I don't think that's deep repentance- brokenness over sin before a holy God. You're right, though- there's still a change in him, and there's also a good moral to be drawn from "good guys don't steal." Heroes don't do that.

Rebekah said...

I haven't seen "Megamind". I wasn't sure that I wanted to before (I read quite a bit about it) and now after your review, I'm think I'd rather not. It sounds like such a twisted story.

I agree about the cute character thing, - but they all better be careful before it gets overused REALLY fast. (I'm not tired of them yet though.)

I'm tired of bad guy's being portrayed as good. Or partly good. It's ridiculous! But if you don't use the Bible, I suppose you don't have a standard on which to base good and bad. It's so mixed up!

Just curious as to what you though, by the way... Did you consider Flynn's change to be "good" - or just a shallow change? Just curious... :)

To the KING be all the glory!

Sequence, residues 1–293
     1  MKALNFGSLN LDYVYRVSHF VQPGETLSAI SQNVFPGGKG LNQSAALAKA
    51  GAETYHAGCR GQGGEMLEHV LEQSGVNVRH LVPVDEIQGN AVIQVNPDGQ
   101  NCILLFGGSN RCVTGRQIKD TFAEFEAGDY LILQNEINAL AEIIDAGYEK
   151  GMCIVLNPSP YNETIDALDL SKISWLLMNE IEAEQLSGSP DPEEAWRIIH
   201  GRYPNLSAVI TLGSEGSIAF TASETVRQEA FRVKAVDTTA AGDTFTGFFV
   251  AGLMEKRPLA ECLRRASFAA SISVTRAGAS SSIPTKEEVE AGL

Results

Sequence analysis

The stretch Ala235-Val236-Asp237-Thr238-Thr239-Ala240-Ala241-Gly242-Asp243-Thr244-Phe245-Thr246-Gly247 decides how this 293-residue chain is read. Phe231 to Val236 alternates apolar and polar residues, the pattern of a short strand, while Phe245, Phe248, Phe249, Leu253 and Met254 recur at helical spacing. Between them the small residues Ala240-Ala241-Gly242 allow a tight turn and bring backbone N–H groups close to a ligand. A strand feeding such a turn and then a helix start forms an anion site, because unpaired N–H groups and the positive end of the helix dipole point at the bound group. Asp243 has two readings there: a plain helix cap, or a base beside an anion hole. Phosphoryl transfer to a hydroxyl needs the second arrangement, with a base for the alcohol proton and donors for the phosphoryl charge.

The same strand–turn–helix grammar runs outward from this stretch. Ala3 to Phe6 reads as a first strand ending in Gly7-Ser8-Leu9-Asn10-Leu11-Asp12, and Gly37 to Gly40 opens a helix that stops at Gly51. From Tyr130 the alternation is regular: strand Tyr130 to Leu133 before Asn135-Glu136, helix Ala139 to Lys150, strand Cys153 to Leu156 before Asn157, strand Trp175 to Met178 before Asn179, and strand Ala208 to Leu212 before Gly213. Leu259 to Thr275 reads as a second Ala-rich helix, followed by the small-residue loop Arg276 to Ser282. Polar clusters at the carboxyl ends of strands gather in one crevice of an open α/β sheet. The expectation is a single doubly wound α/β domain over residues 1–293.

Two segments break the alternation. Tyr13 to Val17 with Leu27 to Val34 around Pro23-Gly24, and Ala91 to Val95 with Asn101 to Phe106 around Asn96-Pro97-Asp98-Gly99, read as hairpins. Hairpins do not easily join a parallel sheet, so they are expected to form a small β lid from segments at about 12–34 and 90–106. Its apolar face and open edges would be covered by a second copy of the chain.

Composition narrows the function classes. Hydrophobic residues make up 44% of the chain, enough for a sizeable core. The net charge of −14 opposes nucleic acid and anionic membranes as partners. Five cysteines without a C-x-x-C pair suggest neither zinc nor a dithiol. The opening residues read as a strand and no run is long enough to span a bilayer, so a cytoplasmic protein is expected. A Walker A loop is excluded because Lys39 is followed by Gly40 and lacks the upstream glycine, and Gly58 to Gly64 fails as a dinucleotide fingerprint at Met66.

Jennifer said...

I think you'd really like "The King's Speech".

Gabriel Hudelson said...

It looks like a film I'd really enjoy, Jennifer, but the language deterred me from seeing it. Is it workable-throughable?

Jennifer said...

Yes, it's definitely workable-throughable :P It's mostly one scene, where the king's speech coach tries to lossen him up by getting him to swear, and it's hysterical; he calmly asks, "Do you know the F word, your Highness?" To which the king stutters, "Fuh, fornication?" LOL "Nooo"...says the coach, and clarifies. Then the king awkwardly spouts off some random swear words at the top of his voice to let off steam, and you can't help but laugh. The only other time such strong language is used, I think, is when he's trying to really give a speech; he halts at the microphone and looks at the coach, who mouths the F word rapidly to loosen him up.

You might also enjoy "Blood Diamond"; there's less sensuality than "Gladiator" and the profanity is not overwhelming. Pretty severe violence, but it's realistic to the story; stunning movie all the way around, about morality and greed. There's one minor nude scene; a man in prison is accused of hiding a diamond, and he randomly strips down to prove he doesn't have it. He's a very dark black man and his body is cloaked in the shadows, so between this and the speed of the scene, it's very hard to really see anything.

Gabriel Hudelson said...

Well, I saw it, Jennifer- and you were right! I did like it. Review is viewable on... um... my blog...